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This pamphlet outlines the ten points the Montgomery Improvement Association uses to promote healthy race relations.
This is a copy of the Lecture given by Dr. King in Oslo, Norway upon his winning the 1964 Nobel Peace Prize. He thanks the Norwegian Parliament for honoring him with this award. He speaks of the evils of racially injustice and the belief that "oppressed people cannot remain oppressed forever." He speaks of the need to peacefully come together in harmony as humanity because a peaceful world cannot be built based on a "negative path."
Dr. King thanks Mrs. Armstrong for her letter and contribution. He explains the difference her donation will make in the SCLC's efforts to integrate "the Negro into all aspects of American life."
Guest speaker Jackie Robinson discusses his personal struggles with adopting the philosophy of nonviolence, race relations and the far-reaching efforts of the SCLC.
Ernest Shaefer, the Executive Secretary of Hadley Executive Committee of the Kennett Consolidated School, contacts Ms. McDonald in an attempt to reschedule an event cancelled by Dr. King.
In this letter, John Mack asks Dr. King for advice on selecting the proper employment position that would satisfy his desire to contribute to "the perpetuation of social change and Negro progress," while still providing economic security for him and his family.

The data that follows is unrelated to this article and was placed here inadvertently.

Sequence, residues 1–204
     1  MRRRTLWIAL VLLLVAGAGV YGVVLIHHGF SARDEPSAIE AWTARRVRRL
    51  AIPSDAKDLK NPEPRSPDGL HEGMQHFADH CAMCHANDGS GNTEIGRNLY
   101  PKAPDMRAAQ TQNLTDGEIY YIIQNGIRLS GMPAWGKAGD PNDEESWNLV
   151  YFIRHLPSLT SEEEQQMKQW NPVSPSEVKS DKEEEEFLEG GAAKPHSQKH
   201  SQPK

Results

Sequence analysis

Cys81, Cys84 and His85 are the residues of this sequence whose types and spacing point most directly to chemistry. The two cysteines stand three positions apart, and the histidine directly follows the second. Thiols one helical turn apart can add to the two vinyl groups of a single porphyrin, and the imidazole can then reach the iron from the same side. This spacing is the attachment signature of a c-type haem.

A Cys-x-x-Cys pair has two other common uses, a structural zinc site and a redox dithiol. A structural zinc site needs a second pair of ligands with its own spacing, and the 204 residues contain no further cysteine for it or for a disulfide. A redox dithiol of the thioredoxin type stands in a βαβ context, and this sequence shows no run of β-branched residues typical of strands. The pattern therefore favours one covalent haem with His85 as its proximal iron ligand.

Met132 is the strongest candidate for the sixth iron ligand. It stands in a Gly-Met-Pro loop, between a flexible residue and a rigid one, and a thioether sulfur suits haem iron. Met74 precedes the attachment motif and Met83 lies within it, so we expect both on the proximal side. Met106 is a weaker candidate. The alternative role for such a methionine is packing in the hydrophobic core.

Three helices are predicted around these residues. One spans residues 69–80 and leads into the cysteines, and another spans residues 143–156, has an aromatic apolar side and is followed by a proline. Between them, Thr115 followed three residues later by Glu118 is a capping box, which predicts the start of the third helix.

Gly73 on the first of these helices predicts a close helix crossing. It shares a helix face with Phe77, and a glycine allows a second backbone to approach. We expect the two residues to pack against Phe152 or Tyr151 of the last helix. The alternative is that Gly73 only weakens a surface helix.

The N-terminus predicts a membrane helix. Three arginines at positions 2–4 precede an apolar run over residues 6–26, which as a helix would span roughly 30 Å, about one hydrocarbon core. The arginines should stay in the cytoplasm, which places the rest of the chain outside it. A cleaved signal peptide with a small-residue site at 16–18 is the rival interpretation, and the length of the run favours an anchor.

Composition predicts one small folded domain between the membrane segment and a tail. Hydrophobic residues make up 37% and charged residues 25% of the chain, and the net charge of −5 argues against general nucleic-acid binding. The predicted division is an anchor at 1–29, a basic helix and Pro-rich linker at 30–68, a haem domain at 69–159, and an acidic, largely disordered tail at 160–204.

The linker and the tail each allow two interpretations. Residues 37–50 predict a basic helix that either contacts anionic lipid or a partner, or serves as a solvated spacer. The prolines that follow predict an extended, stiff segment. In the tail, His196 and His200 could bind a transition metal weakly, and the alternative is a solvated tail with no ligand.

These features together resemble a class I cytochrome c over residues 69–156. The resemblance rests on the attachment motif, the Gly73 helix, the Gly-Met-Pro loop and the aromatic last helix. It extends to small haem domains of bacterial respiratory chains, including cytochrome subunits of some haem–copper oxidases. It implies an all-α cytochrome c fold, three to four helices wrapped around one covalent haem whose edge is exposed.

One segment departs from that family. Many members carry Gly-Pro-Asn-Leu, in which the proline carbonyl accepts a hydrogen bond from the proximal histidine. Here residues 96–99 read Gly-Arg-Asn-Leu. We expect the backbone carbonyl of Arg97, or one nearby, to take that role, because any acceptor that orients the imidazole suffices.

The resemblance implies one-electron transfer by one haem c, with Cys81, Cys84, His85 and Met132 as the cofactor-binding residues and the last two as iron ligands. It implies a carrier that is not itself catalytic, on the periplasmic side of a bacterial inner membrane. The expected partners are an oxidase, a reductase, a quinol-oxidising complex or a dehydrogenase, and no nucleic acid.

Douglas A. C. Davis invites Dr. King to speak at the University of Western Ontario's School of Business Administration. He explains that Dr. King's visit will be one of great pleasure and honor.
In this sermon, Dr. King addresses the evil in the world and suggest to his congregation that they counter this by being strong and steadfast in the Lord. Dr. King also touches on the current issues in society and how to continue the use of nonviolence as means to for peace and social justice.
The president of Phelps-Stokes Fund writes to encourage Dr. King to meet annually with other Negro leaders for a discussion on their differences of opinion.
Newman writes that, given the recent passage of the 1964 Civil Rights Bill, a national coalition needs to be created to support and enforce it. Understanding the limitations of Congress, the new coalition would focus on transforming Congress to better support the needs of the underprivileged and oppressed.
Various representatives of the United Federation of Teachers in New York City inquire if Dr. King would be able and willing to speak at their upcoming Spring Conference Luncheon. Bayard Rustin will be the guest of honor and will receive the John Dewy Award.
US Ambassador to the United Nations Adlai Stevenson, informs Dr. King that they will have to postpone their meeting due to a U.N. Security Council meeting that Mr. Stevenson has to preside over.